Harry Potter and the Deathly Hallows
by J.K. Rowling
Narcissa Malfoy is certainly not a good character – but she's also definitely not as evil as her maniacal sister, Bellatrix Lestrange. Narcissa has always been a little more ambiguous; though she's haughty and condescending in public, she's always really just cared about her son, Draco. It seems like she might be kind of a middle ground between the wholly evil Bella and their good sister, Andromeda, the black sheep of the family (who ran away to marry Ted Tonks and become the mother of Nymphadora Tonks).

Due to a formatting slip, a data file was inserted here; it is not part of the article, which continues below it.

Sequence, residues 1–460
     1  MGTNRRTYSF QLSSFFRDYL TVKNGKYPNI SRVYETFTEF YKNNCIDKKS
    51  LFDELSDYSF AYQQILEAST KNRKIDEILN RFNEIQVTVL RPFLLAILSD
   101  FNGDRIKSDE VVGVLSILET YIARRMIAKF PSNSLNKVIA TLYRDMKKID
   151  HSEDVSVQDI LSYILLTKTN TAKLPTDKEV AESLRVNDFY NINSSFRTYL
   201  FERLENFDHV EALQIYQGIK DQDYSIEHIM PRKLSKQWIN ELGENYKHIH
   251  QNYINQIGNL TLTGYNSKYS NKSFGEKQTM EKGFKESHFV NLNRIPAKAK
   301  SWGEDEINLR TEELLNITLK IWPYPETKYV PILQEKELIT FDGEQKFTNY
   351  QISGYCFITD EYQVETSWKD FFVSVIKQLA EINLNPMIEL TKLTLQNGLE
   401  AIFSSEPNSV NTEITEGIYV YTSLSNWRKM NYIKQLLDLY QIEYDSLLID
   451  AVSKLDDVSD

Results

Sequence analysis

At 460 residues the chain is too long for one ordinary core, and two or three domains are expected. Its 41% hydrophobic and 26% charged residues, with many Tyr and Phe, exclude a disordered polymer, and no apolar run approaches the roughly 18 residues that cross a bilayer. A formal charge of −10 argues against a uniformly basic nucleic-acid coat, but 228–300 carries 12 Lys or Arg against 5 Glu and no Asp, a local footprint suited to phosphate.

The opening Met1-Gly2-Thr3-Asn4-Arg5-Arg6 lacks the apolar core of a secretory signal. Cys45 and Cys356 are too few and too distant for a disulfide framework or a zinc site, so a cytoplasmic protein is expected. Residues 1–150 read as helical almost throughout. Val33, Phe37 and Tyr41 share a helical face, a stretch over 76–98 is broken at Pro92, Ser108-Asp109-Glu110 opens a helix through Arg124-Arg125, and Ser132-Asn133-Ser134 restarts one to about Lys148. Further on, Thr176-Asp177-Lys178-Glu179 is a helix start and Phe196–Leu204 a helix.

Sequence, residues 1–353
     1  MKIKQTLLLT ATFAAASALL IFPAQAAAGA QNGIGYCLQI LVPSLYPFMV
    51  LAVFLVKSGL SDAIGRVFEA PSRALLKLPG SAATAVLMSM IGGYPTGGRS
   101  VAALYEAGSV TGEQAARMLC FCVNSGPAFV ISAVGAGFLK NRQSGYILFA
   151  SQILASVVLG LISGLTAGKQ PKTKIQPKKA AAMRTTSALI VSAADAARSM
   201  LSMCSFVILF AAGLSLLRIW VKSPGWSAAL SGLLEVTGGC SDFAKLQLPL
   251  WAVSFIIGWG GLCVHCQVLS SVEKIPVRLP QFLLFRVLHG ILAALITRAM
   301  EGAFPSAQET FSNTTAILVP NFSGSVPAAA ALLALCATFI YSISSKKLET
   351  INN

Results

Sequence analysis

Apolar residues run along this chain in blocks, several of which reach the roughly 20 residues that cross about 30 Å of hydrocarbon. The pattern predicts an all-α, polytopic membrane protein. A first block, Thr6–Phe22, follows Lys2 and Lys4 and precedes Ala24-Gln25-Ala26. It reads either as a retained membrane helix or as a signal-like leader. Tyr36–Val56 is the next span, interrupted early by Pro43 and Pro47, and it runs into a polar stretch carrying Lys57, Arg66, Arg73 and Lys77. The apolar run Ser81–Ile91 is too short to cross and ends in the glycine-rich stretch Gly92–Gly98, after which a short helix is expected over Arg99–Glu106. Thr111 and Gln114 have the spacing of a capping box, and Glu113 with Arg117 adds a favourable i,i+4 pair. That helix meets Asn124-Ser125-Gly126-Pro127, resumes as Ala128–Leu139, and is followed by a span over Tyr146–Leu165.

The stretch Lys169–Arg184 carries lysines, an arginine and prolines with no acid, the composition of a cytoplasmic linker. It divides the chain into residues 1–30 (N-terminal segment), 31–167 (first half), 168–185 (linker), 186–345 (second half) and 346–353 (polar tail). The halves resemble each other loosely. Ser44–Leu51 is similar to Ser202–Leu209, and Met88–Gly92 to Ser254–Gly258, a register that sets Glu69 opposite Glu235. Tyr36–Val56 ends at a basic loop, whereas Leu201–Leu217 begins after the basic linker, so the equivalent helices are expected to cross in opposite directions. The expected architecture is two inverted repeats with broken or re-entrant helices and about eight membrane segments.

Once again, though she's on the side of the Dark wizards, Narcissa is primarily concerned about the safety of her family. We couldn't like Narcissa better than when she lies to Voldemort and saves Harry (we seriously never thought those words would end up in her Character Analysis) at the end. I mean, all the woman wanted to do was return to Hogwarts, find Draco, and finish this war so her family could remain safe. Though she's technically on the Death Eater side, it's her betrayal of Voldemort that makes Harry's eventual triumph possible.